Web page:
After 10 days waiting for favorable winds, the German Army uses chlorine gas on the battlefield at Flanders, the first use of any chemical weapon. After a still morning and afternoon, 5000 gas cylinders are opened at 5 p.m. Under attack from the yellow-green cloud of gas, French commander Georges Lamour calls headquarters:
All my trenches are choked. I am falling myself!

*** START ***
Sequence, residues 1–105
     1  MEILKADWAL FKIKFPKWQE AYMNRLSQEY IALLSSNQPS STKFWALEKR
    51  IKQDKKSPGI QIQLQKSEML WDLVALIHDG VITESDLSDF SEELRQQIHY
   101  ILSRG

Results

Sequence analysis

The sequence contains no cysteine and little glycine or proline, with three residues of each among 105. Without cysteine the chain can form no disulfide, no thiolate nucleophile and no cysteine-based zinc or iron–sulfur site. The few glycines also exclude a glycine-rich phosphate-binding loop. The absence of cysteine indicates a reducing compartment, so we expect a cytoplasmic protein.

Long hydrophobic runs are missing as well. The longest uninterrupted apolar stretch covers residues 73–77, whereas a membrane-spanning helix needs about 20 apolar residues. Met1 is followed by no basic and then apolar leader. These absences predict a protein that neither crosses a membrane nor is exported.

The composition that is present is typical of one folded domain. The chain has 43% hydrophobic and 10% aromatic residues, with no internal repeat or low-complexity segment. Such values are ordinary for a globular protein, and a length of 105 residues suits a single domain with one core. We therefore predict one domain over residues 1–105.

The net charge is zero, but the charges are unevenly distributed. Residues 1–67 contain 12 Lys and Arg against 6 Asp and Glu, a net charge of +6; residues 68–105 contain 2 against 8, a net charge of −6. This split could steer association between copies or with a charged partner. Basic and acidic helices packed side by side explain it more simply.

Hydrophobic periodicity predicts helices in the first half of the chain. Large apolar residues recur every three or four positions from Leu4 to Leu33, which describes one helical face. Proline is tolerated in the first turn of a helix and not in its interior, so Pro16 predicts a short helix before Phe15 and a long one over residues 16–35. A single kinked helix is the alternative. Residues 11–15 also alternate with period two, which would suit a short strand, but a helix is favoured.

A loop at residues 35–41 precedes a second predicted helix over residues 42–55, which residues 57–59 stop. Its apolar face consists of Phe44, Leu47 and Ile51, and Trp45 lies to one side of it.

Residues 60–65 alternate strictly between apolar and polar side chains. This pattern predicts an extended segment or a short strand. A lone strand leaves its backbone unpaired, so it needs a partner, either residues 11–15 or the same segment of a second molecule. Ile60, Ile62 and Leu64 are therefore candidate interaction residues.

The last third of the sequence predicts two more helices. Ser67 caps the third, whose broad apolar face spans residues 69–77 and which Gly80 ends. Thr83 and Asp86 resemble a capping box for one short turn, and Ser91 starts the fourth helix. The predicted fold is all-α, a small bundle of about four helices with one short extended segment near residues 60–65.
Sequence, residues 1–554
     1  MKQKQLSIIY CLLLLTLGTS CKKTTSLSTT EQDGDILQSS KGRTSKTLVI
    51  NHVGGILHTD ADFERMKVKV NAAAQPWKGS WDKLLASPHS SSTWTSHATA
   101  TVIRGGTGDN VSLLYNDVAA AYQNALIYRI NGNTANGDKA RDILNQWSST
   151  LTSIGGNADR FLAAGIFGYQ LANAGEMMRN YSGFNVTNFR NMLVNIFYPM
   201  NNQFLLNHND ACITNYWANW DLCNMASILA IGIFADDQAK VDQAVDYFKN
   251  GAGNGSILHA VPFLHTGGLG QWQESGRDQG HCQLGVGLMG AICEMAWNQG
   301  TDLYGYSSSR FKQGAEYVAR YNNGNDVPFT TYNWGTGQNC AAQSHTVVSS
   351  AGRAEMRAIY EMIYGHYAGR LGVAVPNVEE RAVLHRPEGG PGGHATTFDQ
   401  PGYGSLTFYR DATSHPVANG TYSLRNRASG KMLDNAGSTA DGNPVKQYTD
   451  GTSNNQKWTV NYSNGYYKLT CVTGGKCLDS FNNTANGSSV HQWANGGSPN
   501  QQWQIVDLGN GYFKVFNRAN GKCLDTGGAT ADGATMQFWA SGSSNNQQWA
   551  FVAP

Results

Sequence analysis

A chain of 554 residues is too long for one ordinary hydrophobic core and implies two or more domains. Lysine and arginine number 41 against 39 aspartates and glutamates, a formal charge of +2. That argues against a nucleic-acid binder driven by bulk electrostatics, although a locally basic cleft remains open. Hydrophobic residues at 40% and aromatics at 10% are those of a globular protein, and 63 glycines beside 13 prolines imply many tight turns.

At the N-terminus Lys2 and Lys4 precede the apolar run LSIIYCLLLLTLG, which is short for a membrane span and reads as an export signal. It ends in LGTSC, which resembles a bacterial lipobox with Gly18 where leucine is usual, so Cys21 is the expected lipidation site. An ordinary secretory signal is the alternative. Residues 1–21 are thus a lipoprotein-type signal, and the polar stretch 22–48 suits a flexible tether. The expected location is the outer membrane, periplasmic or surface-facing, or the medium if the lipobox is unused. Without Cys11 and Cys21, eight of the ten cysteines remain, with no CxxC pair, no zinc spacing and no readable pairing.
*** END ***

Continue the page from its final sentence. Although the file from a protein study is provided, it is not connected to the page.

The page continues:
1,200 French soldiers are killed in the first five-minute gas attack and the fighting that followed. Lamour is never found. Once the gas cleares, German soldiers make more progress than they have in months. Within an hour they have opened a gap of more than 6 kilometers (4 miles) with Ypres nearly in their hands. However, the Germans do not take advantage of the situation and do not break through the line.